The Man who mistook his wife for a hat presents the journey of a neuropsychologists and shows the personal relationship that he has created with his patients.
The book is an inside look at how the human brain functions, with emphasis on neurological/psychological disorders as the tragedy of losing neurological faculties’ memory, powers of visualization, word-recognition or the devastating fate of those suffering an excess of neurological functions causing such conditions as Korsakoff’s syndrome, Parkinsonism, chorea, and tics. Over the course of the book, the narrator, neurologist Oliver Sacks describes different clinical tales of some of his patients, each of which corresponds to a rare neurological disorder. In the following context, the author provides information about how deficits occur when a part of the brain is damaged. The ways in which a person’s behavior or abilities might alter and transformed are being investigated thoroughly into the given book. The chapter of “Losses” is opened by the author with his titling story, the reader is introduced to Dr. P’s case study or to ‘The man who mistook his wife for a hat” (Guides & Hat, 2018). Dr.P.
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is a patient whose appears to be suffering from a rare disorder called prosopagnosia. Prosopagnosia is included as a parameter in visual agnosia, – the inability to recognize familiar faces/objects and specific forms – a rare form of face blindness that as the title of this book suggests, he is even capable of mistaking his wife’s head for a hat (“Oliver Sacks- The case of Dr. P: webfusion.
net.nz”, 2018). It is probably just a coincidence that the next case in the chapter presents a problem which is located also in the right hemisphere. The story of Jimmie G describes a 49 years old mariner who is incapable to store short term memory (anterograde amnesia) and has no ability to transform them into long term memories (retrograde amnesia) (Rogers, 2018). Sacks wrote, “He is a man without a past (or future), stuck in a constantly changing, meaningless moment” (Sacks, 1985).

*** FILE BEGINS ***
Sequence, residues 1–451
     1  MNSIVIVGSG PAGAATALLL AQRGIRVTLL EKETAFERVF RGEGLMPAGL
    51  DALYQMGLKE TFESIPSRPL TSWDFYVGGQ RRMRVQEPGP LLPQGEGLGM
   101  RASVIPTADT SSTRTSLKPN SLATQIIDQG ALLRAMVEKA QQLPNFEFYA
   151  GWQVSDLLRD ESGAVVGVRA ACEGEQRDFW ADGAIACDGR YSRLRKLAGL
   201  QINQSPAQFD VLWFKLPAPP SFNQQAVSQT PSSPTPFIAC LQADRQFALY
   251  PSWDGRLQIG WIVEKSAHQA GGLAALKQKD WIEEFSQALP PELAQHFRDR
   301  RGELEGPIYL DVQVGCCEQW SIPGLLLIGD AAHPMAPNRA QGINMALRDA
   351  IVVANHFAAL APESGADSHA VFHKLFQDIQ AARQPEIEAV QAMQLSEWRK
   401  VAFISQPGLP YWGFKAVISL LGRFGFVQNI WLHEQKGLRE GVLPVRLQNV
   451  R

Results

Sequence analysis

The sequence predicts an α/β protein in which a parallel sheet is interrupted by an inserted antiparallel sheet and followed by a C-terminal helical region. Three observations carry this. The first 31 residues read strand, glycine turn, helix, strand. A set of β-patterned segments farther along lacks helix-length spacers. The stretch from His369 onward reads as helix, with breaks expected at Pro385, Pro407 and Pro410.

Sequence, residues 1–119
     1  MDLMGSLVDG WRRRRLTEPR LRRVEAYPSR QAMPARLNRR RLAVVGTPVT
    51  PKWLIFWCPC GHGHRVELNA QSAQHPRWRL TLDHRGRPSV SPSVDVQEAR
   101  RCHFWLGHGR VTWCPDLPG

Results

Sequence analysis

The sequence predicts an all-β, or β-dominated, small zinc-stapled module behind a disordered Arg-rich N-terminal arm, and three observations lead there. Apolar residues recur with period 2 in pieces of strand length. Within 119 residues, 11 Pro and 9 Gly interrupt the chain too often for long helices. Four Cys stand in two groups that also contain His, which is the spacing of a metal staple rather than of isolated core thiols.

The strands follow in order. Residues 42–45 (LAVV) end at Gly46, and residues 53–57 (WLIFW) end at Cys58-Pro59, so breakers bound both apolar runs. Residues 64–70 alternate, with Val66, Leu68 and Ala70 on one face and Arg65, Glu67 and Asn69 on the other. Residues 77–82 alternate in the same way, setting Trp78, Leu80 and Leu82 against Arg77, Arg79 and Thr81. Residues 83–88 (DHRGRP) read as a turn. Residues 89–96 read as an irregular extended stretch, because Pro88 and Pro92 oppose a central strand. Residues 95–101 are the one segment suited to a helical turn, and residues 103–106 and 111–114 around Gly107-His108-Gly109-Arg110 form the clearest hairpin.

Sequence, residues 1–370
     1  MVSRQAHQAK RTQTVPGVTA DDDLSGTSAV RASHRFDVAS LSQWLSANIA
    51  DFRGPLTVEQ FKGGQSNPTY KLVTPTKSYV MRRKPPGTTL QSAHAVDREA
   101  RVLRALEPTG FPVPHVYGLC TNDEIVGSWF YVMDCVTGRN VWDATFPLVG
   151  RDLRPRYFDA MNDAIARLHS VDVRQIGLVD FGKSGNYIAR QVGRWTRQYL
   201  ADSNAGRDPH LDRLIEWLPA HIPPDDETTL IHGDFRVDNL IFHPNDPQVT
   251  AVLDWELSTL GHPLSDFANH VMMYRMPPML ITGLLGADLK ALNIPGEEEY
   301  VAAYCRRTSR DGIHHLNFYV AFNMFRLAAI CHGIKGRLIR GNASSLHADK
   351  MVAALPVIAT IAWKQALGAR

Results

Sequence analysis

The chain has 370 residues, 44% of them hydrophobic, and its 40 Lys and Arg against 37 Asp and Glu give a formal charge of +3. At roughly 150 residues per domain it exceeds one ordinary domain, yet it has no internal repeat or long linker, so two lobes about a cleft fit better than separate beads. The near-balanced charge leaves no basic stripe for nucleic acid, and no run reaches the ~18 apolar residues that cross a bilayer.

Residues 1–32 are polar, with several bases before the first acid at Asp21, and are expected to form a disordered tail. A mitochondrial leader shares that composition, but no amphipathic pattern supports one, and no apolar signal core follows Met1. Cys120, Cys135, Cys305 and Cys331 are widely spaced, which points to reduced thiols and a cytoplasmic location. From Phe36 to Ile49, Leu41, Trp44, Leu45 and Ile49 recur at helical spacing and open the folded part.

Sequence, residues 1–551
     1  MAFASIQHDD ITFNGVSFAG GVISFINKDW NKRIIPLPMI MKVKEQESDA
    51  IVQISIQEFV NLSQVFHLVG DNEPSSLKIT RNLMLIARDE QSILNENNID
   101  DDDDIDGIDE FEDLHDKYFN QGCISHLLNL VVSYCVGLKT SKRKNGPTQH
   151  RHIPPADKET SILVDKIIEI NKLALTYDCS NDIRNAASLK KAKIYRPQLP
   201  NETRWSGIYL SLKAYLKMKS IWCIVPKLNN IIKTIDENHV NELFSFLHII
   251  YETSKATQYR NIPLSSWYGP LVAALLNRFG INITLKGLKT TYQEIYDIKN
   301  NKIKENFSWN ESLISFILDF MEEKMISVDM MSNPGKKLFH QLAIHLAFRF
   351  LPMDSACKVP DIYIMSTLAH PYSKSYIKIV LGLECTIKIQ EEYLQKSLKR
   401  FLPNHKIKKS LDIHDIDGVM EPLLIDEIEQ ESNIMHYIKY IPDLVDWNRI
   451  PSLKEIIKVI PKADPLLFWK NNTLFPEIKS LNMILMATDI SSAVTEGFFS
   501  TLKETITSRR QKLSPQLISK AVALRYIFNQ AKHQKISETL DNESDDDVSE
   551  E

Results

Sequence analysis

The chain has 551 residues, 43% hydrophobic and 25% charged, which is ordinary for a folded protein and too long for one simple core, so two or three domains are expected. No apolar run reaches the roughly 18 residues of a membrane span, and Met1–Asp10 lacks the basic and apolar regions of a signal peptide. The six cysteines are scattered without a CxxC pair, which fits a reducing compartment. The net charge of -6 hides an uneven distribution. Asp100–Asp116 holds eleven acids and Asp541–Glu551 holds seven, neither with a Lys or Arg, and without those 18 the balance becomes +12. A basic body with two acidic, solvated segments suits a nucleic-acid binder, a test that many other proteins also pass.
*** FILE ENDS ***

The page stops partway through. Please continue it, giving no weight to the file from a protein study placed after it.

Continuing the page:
Sacks diagnosed Jimmie with Korsakov’s Syndrome. In the following way Sacks describes ‘The Disembodied Lady’. Sacks describes a story about a young -27-year-old- athletic woman named Christina. Based on the book, Christina suddenly was unable to move, sat or speak. Although she could use her vision to create movement but even then, the moves were awkward. Sacks realized that she had lost all proprioception— she had no sense of familiarity with her body, she had to re-learn all the basics behaviors (“The Disembodied Lady”, 2018). The next story concerns a man that he was admitted to the hospital for exhibiting signs of weakness to his left leg, but the symptoms grew to a more serious neurological disorder namely parietal ataxic hemiparesis (“04: The Man Who Fell Out of Bed – Neurobiology Readings”, 2018). More precisely he believed that the nurse has put an imposter leg on his body, then he tried to remove the leg from his body.
The patient seems to be normal physically although he was almost hallucinating about his leg (“04: The Man Who Fell Out of Bed – Neurobiology Readings”, 2018). Similarly, Madeline’s story ‘Hands” is another case about neurological affiliations. Sacks describes an elderly woman named Madeline a congenitally blind woman with cerebral palsy. Madeline could not identify the movements of her hands, they were inactive.
As a patient, she had the most profound impairment of perception (“The Man Who Mistook his Wife for a Hat Part 1, Chapter 5: Hands Summary & Analysis from LitCharts | The creators of SparkNotes”, 2018). The next chapter, “Phantom” doesn’t revolve a single patient story in contrast Sacks poses a series of questions about the characteristics of ‘phantoms’ and about how his patients were experiencing symptoms of a phantom limb (“The Man Who Mistook His Wife For A Hat Losses: 4 – 6 Summary and Analysis”, 2018). Nonetheless, neurologists aren’t sure about the kind of disorder -or the cure- that causes “phantoms”.
“On the Level” is about an old man -93 years old- with Parkinson disease. Due to his illness he is facing troubles to walk upright, he has lost his innate sense of balance (“07: On the Level – Neurobiology Readings”, 2018). ‘Eyes Right’ is a story about a woman in her sixties. Mrs. S. got a massive stroke, and she fails to recognize anything on her left side (“The Man Who Mistook His Wife for a Hat”, 2018). As a patient, she is suffering from hemispatial neglect (“The Man Who Mistook His Wife for a Hat”, 2018). The last story of The President Speech we recognize the patients with global aphasia.
The main problem is the lack of any sense of expression and ‘tone’, while there are incapable of preserving the comprehension for words, so they found Presidents’ speeches are hilarious which makes them laugh. To conclude Sacks packed extraordinary cases, and he created a book quite short and easy to read. Sacks is letting the reader to explore the mind, thoughts, and feelings of a doctor who appears to have a sympathetic and deeply human way to examine his patients. The main topics are based on neurology and psychology, but it can be considered for general readers since it includes short postscripts and Sacks uses an everyday language. Therefore, this book can help the neurologists, psychologists and general readers to enhance their understanding of a wide range of neurological and neuropsychiatric conditions.